Former Senators Bradley, Daschle, Dodd And Simpson: We Were Wrong On DOMA

“[W]e can now see that the understandings on which DOMA was premised have not survived our nation’s increased knowledge about same-sex families or our modern understanding of what equality requires,” the senators write. The brief is one of several filed today in support of Edith Windsor’s challenge to DOMA.

Macey Foronda

WASHINGTON — Former Senators Bill Bradley, Tom Daschle, Christopher Dodd and Alan Simpson — all of whom voted for the Defense of Marriage Act in 1996 — told the Supreme Court Friday that “the original justifications for DOMA can no longer be credited today,” concluding that “our constitutional commitment to equality does not tolerate such discrimination.”

In urging the Supreme Court to strike down the federal prohibition on recognizing the state-sanctioned marriages of same-sex couples, the former senators tell the court:

DOMA is an especially poor candidate for any claim of deference to the constitutional judgment of the political braches. It was enacted hastily, with little independent consideration of its constitutionality, against the backdrop of a constitutional jurisprudence this Court has since abandoned. It was premised in large part on fears that subsequent experience has proven unfounded. And it effects a discrimination that we now have come to recognize as incompatible with our constitutional commitment to equal treatment under the law.

After detailing societal and legal changes — from state marriage law to the military — they conclude, “In short, the suggestion that our country’s vital institutions need protection from gay families has been thoroughly discredited by our national experience.”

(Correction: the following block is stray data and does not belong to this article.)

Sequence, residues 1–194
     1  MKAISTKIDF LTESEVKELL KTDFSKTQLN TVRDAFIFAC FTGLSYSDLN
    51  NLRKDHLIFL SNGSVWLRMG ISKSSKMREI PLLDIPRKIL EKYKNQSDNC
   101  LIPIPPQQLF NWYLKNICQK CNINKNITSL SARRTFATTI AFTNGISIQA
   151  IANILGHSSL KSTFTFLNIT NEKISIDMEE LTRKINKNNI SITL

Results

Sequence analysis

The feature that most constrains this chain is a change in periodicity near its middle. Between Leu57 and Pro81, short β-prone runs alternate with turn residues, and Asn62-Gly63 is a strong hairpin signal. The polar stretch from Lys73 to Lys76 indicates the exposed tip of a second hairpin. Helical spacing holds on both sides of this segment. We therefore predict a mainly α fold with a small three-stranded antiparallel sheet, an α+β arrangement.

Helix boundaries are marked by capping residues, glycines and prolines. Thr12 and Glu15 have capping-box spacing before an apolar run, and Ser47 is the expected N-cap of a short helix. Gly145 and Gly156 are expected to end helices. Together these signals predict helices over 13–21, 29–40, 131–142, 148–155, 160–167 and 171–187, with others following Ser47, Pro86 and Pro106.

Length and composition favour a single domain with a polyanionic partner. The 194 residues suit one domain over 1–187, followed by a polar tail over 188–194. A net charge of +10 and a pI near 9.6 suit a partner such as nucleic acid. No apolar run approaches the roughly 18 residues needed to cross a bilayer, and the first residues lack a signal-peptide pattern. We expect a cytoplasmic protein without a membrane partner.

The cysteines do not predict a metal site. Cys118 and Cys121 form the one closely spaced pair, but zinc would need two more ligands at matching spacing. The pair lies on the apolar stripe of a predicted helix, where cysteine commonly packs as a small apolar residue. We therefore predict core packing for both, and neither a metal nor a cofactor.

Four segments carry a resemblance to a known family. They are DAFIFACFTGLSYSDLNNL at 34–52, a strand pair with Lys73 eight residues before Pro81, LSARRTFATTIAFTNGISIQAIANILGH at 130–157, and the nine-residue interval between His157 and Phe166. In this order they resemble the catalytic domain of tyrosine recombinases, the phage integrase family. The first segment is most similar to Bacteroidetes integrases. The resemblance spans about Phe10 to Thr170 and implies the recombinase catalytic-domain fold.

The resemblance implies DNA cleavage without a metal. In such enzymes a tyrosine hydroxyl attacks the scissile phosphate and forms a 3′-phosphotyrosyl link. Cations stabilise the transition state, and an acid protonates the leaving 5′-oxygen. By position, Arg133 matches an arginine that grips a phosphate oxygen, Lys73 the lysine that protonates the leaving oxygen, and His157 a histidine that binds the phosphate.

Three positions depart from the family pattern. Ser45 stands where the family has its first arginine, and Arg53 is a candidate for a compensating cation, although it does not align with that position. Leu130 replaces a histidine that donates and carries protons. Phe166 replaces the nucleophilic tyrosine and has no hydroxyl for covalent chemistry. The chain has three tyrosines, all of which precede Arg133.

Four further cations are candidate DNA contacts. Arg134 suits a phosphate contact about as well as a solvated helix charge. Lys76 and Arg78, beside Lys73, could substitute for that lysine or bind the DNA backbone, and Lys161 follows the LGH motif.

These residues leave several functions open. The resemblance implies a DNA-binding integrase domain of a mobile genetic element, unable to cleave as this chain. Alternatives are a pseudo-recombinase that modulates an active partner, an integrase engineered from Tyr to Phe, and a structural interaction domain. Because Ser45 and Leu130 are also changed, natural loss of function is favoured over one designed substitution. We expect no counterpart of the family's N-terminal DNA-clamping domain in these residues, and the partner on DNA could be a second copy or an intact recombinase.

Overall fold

Regardless of whether the Constitution prohibits the federal government from treating those gay and lesbian couples differently under the law, a group of law professors who hold differing views on that question told the Supreme Court that the DOMA is nonetheless unconstitutional because Congress has no right to pass such a law.

As groups and people opposing the Defense of Marriage Act’s federal definition of marriage file amici curiae, or friends of the court, briefs in advance of Friday’s deadline, the professors — primarily those with a libertarian focus in their work — oppose DOMA as an unconstitutional intrusion on states’ rights to define marriage.

This federalism argument has figured into the reason why two federal appeals courts have struck down Section 3 of DOMA, the federal definition of “marriage” and “spouse,” as unconstitutional. It is not, however, directly advanced by either Edith Windsor, the lesbian widow challenging DOMA at the Supreme Court, or the Obama administration, which has taken Windsor’s side in the case.

Several former senior cabinet and agency officials, including Health and Human Services secretaries under Presidents George H. W. Bush and Bill Clinton — Louis Sullivan and and Donna Shalala, respectively — also filed a brief opposing DOMA on Friday. Other department or agencies represented among those who signed the brief are the Social Security Administration, the Department of Defense, the Department of Labor, the Office of Personnel Management, the Internal Revenue Service and the Department of Veterans Affairs.

Contrary to the defense of the law raised by House Republican leaders, the brief argues that “Section 3 of DOMA does not ease administrative burdens or simplify the determinations made by federal agencies.” The officials go on to note, “Despite significant differences among the states over the validity of marriages, Congress never imposed a single federal benchmark before 1996 and then did so only with respect to one particular aspect of marital eligibility.”

Military and intelligence officials — from former Defense Secretary William Cohen and counterterrorism official Richard Clarke to retired Army Lt. Gen. Claudia Kennedy and retired Army Gen. Wesley Clark — spoke out against the impact of DOMA on the military after the end of “don’t ask, don’t tell.”